The present invention retains the benefits of having the third multiplier in an AC path of the FPLL, but utilizes a more complex switched multiplier as the third multiplier, requires a delay matching element and involves a cascode arrangement of multipliers. These disadvantages are offset by the fact that the I and Q multipliers and the VCO and phase shifting circuits are readily available in an integrated circuit chip, thus saving the manufacturer the cost and need to design a special circuit. While the internal functioning of Applicants' patented circuit and that of the present invention is somewhat different, the end result is identical.
A principal object of the invention is to provide a novel FPLL.
Another object of the invention is to provide an FPLL of alternate design that obviates problems of the prior art.
A further object of the invention is to provide an FPLL that is especially suitable for use with an off the shelf integrated circuit PLL.
These and other objects and advantages of the invention will be apparent upon reading the following description in conjunction with the drawings, in which:
FIG. 1 is a partial block diagram of a prior art television receiver incorporating an FPLL;
FIG. 2 is a partial block diagram of a prior art television receiver incorporating an FPLL constructed in accordance with U.S. Pat. No. 5,745,004;
FIG. 3 is a partial systematic diagram illustrating an integrated circuit implementation of the FPLL of U.S. Pat. No. 5,745,004;
FIG. 4 is a group of waveforms related to the implementation of the FIG. 3 FPLL; and
FIG. 5 is a partial block diagram of a television receiver incorporating an FPLL constructed in accordance with the present invention.
FIG. 1 depicts a prior art television circuit incorporating an FPLL. A tuner-IF circuit 10 supplies an IF signal to an I multiplier 12 and to a Q multiplier 14. VCO 16 supplies a demodulating signal to first multiplier 12 and to a 90° phase shift circuit 18, which supplies a phase shifted oscillator signal to Q multiplier 14. The I and Q multipliers 12 and 14 produce sum and difference signal outputs from their input signals, and the output signals from multipliers 12 and 14 are supplied to low pass filters (LPFs) 20 and 28, respectively. The output of LPF 20 is supplied to an AFC filter 22, which in turn supplies its output signal to a limiter 24. Limiter 24 is coupled to one input of a third multiplier 30. The output of the LPF 28 supplies the Q input of multiplier 30, which multiplies its two input signals and produces an output signal that is supplied to a loop filter 32, the output of which controls VCO 16. A data processor 26 receives the demodulated input signal from LPF 26. In the usual television implementation, data processor 26 is a video processor and functions to reproduce the televised signal.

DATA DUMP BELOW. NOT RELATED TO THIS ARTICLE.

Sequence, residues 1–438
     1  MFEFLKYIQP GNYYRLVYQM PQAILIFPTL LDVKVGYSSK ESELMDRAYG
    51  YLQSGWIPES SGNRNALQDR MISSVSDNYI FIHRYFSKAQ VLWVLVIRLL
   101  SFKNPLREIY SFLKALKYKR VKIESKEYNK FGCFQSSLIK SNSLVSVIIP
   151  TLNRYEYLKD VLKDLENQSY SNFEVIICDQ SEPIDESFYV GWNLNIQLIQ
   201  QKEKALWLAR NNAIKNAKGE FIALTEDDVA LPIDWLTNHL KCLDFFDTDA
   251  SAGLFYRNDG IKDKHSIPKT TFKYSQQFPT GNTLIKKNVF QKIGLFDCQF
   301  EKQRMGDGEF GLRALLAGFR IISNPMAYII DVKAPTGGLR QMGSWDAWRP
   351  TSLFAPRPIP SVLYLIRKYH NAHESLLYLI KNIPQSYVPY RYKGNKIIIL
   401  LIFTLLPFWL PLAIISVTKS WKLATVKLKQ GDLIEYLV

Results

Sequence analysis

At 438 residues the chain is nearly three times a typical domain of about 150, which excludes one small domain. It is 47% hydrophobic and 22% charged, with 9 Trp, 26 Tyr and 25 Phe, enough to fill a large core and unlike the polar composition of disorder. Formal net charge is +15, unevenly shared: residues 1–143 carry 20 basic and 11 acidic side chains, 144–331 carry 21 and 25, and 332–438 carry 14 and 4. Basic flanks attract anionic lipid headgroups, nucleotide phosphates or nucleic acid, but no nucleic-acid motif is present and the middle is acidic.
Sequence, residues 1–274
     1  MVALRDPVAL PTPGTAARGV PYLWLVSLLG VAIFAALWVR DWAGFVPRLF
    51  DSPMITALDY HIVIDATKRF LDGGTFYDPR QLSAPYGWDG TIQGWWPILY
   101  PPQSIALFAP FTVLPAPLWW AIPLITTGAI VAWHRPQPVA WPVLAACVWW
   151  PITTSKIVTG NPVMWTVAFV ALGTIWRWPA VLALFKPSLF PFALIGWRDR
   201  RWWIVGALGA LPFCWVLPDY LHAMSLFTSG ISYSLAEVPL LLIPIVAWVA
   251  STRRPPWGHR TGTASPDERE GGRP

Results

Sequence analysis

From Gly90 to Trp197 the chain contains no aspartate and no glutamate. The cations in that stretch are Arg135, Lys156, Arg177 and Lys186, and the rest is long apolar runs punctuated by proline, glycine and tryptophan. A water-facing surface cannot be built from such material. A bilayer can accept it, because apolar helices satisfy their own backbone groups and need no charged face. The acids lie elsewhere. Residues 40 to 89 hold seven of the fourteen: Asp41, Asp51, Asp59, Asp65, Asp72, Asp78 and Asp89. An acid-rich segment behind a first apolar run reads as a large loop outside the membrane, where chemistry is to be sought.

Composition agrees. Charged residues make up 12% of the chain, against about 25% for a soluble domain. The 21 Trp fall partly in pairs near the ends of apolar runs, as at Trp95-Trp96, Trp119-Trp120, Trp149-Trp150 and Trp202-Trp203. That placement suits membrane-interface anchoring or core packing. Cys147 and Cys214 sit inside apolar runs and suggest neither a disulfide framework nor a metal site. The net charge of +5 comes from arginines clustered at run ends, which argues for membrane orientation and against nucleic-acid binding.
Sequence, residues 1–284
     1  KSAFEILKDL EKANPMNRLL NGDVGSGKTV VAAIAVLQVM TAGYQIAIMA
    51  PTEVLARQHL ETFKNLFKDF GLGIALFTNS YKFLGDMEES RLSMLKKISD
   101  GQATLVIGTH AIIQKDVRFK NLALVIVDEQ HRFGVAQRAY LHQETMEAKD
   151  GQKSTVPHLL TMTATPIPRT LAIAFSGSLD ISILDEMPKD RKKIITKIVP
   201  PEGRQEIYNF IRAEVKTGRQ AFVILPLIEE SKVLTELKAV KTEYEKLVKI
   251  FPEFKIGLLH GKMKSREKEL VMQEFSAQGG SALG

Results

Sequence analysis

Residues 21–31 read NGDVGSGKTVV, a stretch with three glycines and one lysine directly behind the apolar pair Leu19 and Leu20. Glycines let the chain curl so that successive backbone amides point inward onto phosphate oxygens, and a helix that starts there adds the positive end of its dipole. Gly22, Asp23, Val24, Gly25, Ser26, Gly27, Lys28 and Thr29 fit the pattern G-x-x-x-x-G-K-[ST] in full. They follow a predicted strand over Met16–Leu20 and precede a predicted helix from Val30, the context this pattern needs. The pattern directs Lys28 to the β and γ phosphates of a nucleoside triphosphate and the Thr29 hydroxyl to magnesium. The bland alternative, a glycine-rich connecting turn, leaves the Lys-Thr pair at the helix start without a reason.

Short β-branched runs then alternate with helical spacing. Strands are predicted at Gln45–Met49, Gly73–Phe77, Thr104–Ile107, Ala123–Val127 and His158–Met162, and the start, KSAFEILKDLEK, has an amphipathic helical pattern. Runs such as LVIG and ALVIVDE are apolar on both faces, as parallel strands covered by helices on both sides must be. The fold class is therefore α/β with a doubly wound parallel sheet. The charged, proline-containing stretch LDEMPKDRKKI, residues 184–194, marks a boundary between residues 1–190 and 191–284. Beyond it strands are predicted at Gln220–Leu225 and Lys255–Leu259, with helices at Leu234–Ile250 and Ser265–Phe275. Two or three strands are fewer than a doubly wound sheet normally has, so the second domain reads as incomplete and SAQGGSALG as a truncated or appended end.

As fully explained in the above-mentioned patents and as shown in FIG. 1, frequency acquisition of the input signal is accomplished by the action of the average DC error voltage generated at the output of third multiplier 30. This average DC error voltage results from the multiplication of the beat note frequencies generated in the Q channel path (via LPF 28) and the I channel path through the phase shifting AFC filter 22 and limiter 24. At the point of frequency acquisition the beat note frequencies are sufficiently close to 0 Hz such that phase lock can occur. When phase lock is attained, the beat note output of limiter 24 becomes a fixed DC voltage (+1 or -1), thus effectively removing the frequency acquisition function, and the loop reduces to a simple PLL. Because the polarity of the output of limiter 24 determines the phase of the PLL lock up, the loop is biphase stable.